Local Government Reform in Jamaica: A New Paradigm for Participatory Local Governance

Local Government Reform in Jamaica: A New Paradigm for Participatory Local Governance

Keith L. Miller (Ministry of Local Government, Jamaica)
Copyright: © 2017 |Pages: 23
DOI: 10.4018/978-1-5225-1645-3.ch024
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Abstract

Local government as a formal institution has existed in Jamaica since 1667. It has traditionally been perceived as the lower of a two-tier system of government in which it has essentially operated as an instrument of central government. The second of two major reforms to the local government system was initiated in 1990 and officially launched in 1995. The current reform program constitutes a new paradigm of subnational governance and development, in which local government is no longer primarily a creature of central government, but rather a vehicle for the management of local affairs, including the pursuit of local developmental priorities, with strong participation by local citizens and stakeholders. Such a paradigm is claimed to be critical to addressing governance and developmental challenges that currently confront Jamaica. This study examines the validity of this claim and whether this new paradigm is likely to enhance subnational governance and development.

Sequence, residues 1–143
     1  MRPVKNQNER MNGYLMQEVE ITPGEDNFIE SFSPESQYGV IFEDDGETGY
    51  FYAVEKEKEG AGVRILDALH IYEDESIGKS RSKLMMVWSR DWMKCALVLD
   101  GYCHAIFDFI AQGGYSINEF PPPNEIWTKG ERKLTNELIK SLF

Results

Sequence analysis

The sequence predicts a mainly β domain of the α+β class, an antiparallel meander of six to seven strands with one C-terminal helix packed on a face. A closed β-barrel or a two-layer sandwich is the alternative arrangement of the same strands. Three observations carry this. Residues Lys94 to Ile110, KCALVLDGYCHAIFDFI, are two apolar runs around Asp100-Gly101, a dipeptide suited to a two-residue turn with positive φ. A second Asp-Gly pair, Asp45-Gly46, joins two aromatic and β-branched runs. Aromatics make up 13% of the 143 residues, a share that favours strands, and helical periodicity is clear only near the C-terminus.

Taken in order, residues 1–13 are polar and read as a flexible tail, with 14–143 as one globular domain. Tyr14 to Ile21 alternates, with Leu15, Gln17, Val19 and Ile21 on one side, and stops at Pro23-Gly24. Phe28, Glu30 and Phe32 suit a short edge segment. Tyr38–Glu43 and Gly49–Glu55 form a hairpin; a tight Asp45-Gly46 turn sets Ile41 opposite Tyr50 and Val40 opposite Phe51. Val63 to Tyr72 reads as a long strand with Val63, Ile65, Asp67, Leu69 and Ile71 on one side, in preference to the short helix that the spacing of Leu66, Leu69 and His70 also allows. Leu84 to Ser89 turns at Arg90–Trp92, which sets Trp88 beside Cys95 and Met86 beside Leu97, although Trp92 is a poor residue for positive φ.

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Introduction: Socio-Economic And Political Perspectives

Jamaica is classified as a middle-income country with a population of 2.7 million people. The Inter-American Development Bank (IDB) in its 2014 Country Strategy for Jamaica contextualized the country as a stable democracy with relatively strong institutions. However, it has a very high debt (over 140% of GDP) and growth has stagnated for several decades. It is at a crossroads to reverse the protracted trend of high debt and low growth. Policy alternatives are limited by a persistent balance of payment imbalance, and the high debt makes it imperative to reduce fiscal deficits. Growth prospects are reduced, as public debt crowds out lending for private activity. Energy and security costs are high, and regulations are onerous. This decline is reflected in the social sector, where poverty and unemployment are at very high levels and the informal sector is large and growing.

Jamaica is a former colony of Great Britain. It gained independence in 1962, some 307 years after its capture by the British from the Spanish. This long and sustained period of colonial domination has left a deeply entrenched and inherited institutional model – including political and public administrative systems and other national institutions (Jones, 1992) – that serves far more to preserve colonial and other external interests, influence, and control, than to nurture innovation or encourage or mobilize local creativity, indigenous resources, and problem-solving capacities that are critical to grasping the opportunities that accompanied independence.